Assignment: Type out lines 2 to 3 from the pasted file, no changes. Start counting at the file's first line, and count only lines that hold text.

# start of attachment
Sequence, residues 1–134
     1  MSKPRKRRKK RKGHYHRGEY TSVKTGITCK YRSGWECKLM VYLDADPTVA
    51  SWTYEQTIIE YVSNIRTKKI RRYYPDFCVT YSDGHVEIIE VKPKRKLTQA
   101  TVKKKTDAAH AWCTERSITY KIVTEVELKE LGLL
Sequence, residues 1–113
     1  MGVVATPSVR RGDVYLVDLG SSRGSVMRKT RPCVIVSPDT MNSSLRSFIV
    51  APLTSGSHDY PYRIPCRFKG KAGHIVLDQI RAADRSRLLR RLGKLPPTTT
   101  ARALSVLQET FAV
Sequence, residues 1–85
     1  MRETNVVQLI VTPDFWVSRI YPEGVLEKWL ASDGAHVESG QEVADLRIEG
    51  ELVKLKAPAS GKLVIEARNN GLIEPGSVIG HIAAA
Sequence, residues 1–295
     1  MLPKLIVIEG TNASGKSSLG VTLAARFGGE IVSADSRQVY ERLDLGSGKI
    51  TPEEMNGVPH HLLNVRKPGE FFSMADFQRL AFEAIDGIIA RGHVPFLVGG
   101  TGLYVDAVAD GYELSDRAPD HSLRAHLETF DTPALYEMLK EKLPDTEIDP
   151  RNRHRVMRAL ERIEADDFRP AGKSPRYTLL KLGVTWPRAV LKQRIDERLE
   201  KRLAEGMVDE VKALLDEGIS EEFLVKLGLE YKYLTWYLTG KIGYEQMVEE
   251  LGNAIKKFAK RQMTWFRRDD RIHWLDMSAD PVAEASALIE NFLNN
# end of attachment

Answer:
     1  MSKPRKRRKK RKGHYHRGEY TSVKTGITCK YRSGWECKLM VYLDADPTVA
    51  SWTYEQTIIE YVSNIRTKKI RRYYPDFCVT YSDGHVEIIE VKPKRKLTQA